I once stayed a couple of nights at Carl Weschcke’s house, when he lived out in Marine on St. Croix, and on the drive back and forth to the old Llewellyn Publications office in St. Paul I heard a lot of his stories — but I am sure there are more!
To the countless people he inspired, Carl Llewellyn Weschcke will forever be known as the Father of the New Age. This vivid and entertaining book tells Carl’s story, from a childhood influenced by his Spiritualist grandfather to his early days as a member and president of the Minnesota NAACP. Discover the fascinating account of how he transformed Llewellyn Publications from a small publisher of astrology pamphlets into the largest and most important publisher of body, mind, and spirit literature. Read about Carl’s relationships with the most influential thinkers and teachers of the counterculture, and his public Wiccan handfasting and enduring relationship with his wife, Sandra. Written by longtime friend Melanie Marquis?and including photos and contributions from authors, artists, family, friends, and collaborators?this is a book that looks back at the kindling of a movement while empowering fellow travelers on their journey forward.
When people talk about the history of Paganism, most of the emphasis is on the groups, leaders, and inspirational writers. Carl did some writing too, but I focus on his accomplishments as publisher and facilitator. He added Wiccan and then other Pagan titles to what had been an astrology-focused list. He threw parties. He published Gnostica, his “magalog” (magazine + catalog) with people like Isaac Bonewits (briefly editor) and Robert Anton Wilson writing for it. His Gnosticon festivals, along with the Church of Wicca’s Samhain Seminars (both of them hotel-based conventions) were among the first large Pagan gatherings where people actually met practitioners from other groups beyond their own.
According to Marquis, interviewed on the website Voyage Denver, Carl was “an absolutely fascinating man who took a small mail-order company of astrology pamphlets and built it into a multi-million dollar publishing house focused on New Age and occult literature. He was also a lifelong student of the occult sciences. and a dedicated activist and engaging speaker and outspoken leader during the civil rights era.”
In September, the flow is just a trickle, typical for the season. So I made a little wreath. M. used to make wreaths professionally, woven from grapevines from our backyard at the Cañon City house and filled out with dried flowers. Mine was simple by contrast: a willow branch and some Liatris (blazing star) blossoms. Yet my thanks and best wishes were sincere.
I had to follow Wind over Tide, “a folk band specializing in traditional music of the British Isles and Americas with special emphasis on tales of seafaring and adventure,” which was kind of a challenge.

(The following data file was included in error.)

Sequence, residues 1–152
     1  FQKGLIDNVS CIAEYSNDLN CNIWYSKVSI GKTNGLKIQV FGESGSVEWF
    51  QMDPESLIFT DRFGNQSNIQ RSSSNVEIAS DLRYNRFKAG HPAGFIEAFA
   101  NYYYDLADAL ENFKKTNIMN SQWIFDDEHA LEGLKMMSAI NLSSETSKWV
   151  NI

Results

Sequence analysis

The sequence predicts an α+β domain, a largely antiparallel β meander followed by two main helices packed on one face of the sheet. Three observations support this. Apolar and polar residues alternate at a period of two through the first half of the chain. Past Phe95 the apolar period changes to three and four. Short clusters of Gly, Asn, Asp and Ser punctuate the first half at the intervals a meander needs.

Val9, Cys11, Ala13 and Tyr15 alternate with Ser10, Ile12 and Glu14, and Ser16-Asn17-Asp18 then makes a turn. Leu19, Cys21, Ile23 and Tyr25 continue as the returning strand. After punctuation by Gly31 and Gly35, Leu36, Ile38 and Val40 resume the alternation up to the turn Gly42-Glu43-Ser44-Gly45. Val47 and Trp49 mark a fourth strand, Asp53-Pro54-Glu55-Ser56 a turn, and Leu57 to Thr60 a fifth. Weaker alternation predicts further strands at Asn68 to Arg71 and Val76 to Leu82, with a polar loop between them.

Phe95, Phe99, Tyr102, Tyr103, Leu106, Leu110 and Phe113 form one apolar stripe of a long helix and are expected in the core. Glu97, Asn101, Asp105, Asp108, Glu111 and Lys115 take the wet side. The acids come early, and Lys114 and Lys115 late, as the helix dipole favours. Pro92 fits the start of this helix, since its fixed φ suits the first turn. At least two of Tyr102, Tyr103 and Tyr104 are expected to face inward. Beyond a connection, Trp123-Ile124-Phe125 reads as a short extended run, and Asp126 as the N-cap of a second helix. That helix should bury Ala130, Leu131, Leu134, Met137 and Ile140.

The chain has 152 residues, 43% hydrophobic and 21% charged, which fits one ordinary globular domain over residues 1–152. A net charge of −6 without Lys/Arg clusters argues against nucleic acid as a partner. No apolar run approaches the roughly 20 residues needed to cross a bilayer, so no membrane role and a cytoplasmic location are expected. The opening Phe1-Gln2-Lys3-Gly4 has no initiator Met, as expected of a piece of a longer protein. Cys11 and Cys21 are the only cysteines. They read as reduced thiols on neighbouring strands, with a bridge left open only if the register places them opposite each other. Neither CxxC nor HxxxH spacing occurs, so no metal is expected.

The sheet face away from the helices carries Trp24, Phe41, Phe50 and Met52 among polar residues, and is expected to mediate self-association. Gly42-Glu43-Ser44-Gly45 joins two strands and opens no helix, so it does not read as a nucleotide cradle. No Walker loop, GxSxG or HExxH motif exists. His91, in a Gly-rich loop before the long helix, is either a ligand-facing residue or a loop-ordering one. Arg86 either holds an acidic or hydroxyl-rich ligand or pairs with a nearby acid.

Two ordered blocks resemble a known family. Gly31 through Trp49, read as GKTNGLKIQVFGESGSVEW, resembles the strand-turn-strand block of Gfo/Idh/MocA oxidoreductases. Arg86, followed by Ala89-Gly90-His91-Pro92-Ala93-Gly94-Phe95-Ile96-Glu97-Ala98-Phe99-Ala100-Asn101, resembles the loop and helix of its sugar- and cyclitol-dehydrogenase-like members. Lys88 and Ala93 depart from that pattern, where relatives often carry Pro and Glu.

The evening before I was scheduled to give the keynote address at the Fort Collins (Colorado) Pagan Pride Day on August 24th, M. and I were driving around the city, buying groceries for the camping trip we planned to take after the event, and sight-seeing a little bit.
The university town where I spent some of my teenage years has tripled in size. Yes, it’s weird seeing what was ag land turned into “technology parks” alternating with chain hotels and chain restaurants. And the drive up from the Denverplex was hellish.
But one thing has changed for the better — the community’s relationship with the Cache la Poudre River, which leaves the mountains nearby and flows down through the city before continuing eastward across the High Plains.
My outdoorsy friends and I went rock-climbing at Horsetooth Reservoir, backpacking in the Rawah Wilderness, etc., and hunting wherever, but we ignored the Poudre River once it came out of the canyon and was no longer considered fishable. I don’t recall anyone canoeing it or anything like that. It was just a conduit to farms and towns further east.
Now the river has been dignified as the Cache la Poudre National Heritage Area. In the city, the change is huge. Suddenly it is a place that people want to visit for hiking, biking, kayaking, tubing, fishing, and so on. And at its nearest, it flows along edge of the downtown area, only three or four city blocks from the park where the festivities take place.
So as I was standing there talking about nature religion and urban animism and such things, it hit me: the Pagan Pride Day ought to end with a procession to “honor the river.” (“Honoring” sounds suitably bland and inclusive, don’t you think?) Make up some wreaths of native flowers and grasses and toss them in with appropriate invocations. And of course there would be music.
I put that suggestion into my talk. Whether anyone takes me up on it remains to be seen. Meanwhile, I should be doing something like that for Hardscrabble Creek. Devotion begins at home.